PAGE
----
I was recently at my local library’s book sale and came across a set of Harvard Classics that I could not pass up. I bought them and began to read Immanuel Kant’s, Fundamental Principles of the Metaphysic of Morals. Mr. Kant can be pretty dense and obscure. Reading his writings reminds me of a line by the comic, Steve Martin, who believed he had taken just enough philosophy to screw him up for the rest of his life. Reading Mr. Kant can have a similar effect.
Nonetheless, Immanuel Kant can be pretty easy to understand (sometimes) and there were a few brief moments of pure, lucid thought that I could follow. I found the following interesting…
“In the kingdom of ends everything has either Value or Dignity. Whatever has a value can be replaced by something else which is equivalent; whatever, on the other hand, is above all value, and therefore admits of no equivalent, has a dignity.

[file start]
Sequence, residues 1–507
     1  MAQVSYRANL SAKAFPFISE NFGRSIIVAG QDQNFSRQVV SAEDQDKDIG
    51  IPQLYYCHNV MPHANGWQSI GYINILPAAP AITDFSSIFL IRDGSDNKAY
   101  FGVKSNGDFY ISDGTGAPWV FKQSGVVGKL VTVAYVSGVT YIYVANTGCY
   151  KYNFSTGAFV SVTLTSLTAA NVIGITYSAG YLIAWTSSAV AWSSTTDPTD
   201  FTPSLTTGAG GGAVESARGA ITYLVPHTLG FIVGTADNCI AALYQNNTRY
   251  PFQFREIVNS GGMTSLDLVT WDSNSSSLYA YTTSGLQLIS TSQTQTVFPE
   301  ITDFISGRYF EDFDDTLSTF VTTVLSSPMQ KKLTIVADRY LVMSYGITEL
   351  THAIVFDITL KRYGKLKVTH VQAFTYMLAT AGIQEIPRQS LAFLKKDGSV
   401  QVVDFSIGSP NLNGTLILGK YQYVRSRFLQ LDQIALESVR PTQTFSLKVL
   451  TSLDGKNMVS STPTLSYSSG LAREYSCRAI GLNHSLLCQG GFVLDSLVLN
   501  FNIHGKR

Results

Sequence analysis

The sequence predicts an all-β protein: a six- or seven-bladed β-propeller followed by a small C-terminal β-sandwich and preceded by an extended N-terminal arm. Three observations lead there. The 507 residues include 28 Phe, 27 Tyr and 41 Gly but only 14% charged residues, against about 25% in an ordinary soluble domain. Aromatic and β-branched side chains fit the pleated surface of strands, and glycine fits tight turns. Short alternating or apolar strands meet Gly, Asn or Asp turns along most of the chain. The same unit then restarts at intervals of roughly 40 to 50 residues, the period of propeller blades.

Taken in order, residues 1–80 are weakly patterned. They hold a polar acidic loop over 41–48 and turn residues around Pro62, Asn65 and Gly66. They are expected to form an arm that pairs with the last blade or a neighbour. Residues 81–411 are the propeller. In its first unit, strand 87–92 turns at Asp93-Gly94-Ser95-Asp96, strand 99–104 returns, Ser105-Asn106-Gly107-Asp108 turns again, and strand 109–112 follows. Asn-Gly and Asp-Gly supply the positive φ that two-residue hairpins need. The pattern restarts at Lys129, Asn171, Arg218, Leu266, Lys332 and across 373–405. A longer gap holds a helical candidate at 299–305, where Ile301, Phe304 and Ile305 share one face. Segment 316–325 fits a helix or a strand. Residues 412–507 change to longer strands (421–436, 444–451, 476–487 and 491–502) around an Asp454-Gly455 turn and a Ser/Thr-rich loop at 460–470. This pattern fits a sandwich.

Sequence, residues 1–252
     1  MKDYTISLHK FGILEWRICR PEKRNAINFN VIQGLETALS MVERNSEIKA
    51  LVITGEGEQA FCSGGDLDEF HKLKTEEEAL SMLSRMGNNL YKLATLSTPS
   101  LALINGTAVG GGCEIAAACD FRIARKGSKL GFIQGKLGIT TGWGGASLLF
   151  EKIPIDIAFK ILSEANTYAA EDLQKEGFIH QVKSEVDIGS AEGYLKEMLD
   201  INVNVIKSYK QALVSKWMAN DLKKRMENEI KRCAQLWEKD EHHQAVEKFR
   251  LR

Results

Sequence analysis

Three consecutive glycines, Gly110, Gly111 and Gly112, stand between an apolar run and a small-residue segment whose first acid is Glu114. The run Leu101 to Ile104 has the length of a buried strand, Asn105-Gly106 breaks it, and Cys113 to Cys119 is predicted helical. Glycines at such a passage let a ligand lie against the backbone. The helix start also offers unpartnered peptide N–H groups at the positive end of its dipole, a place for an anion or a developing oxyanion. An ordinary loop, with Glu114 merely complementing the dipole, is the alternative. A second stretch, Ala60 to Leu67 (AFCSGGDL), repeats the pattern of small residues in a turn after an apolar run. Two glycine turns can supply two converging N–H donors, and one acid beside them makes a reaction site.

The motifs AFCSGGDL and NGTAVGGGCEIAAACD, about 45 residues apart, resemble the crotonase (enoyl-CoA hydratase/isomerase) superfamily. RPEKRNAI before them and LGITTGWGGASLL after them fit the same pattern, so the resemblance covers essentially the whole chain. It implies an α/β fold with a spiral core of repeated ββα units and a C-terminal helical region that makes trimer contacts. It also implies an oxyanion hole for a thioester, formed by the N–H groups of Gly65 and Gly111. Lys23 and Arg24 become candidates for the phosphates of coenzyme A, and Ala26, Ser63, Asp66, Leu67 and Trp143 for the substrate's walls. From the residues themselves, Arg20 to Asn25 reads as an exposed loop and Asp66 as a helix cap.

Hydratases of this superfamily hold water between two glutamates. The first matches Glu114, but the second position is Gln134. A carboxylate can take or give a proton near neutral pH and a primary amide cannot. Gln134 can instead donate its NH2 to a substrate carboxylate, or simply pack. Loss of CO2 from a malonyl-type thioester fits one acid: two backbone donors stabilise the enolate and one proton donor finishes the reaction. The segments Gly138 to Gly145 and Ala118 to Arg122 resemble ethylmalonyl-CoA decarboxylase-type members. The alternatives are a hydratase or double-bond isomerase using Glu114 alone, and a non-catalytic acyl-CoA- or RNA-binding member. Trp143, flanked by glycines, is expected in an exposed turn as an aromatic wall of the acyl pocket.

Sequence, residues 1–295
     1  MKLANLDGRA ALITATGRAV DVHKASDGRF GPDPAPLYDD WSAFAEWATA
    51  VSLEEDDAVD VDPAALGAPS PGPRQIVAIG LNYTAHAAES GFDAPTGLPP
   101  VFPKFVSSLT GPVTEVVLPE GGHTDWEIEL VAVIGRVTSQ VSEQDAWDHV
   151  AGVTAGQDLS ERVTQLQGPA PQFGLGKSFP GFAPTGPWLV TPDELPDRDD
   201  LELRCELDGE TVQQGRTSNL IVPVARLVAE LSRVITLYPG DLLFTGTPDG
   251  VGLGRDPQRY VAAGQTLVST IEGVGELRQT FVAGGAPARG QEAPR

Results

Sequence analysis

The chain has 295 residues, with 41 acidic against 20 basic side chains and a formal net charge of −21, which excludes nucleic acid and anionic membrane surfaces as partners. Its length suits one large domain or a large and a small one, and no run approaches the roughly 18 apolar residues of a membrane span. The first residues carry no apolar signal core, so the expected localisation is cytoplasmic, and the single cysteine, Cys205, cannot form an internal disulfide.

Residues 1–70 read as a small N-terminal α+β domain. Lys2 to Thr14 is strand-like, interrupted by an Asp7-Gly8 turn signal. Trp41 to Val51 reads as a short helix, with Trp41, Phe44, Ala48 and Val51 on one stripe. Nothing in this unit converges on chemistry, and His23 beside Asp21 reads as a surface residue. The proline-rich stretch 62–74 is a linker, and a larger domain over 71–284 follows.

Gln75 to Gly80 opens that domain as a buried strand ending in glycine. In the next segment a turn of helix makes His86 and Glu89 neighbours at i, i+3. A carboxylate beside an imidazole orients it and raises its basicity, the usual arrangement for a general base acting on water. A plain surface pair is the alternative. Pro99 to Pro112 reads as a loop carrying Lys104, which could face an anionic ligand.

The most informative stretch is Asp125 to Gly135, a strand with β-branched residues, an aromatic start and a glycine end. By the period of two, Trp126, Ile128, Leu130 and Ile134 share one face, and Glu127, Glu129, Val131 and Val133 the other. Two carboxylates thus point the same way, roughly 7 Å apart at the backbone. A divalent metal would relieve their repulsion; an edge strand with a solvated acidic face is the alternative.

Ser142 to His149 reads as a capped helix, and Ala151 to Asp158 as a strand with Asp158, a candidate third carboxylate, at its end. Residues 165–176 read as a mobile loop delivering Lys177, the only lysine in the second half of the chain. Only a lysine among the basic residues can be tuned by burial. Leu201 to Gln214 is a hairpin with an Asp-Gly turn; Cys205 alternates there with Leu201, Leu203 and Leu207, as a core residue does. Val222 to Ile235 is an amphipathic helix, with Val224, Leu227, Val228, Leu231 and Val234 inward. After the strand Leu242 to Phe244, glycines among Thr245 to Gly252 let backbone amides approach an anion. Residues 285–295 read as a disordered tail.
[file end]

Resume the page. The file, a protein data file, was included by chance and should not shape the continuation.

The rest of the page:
Whatever has reference to the general inclinations and wants of mankind has a market value; whatever, without presupposing a want, corresponds to a certain taste, that is to a satisfaction in the mere purposeless play of our faculties, has a fancy value; but that which constitutes the condition under which alone anything can be an end in itself, this has not merely a relative worth, i.e., value, but an intrinsic worth, that is dignity.”
As traders we always deal with the concept of value and price. Stocks can have market value and fancy value. I find it interesting that the word and concept Mr. Kant uses is “dignity” for something which is beyond value. As a trader this tells me to short fancy value and go long dignity.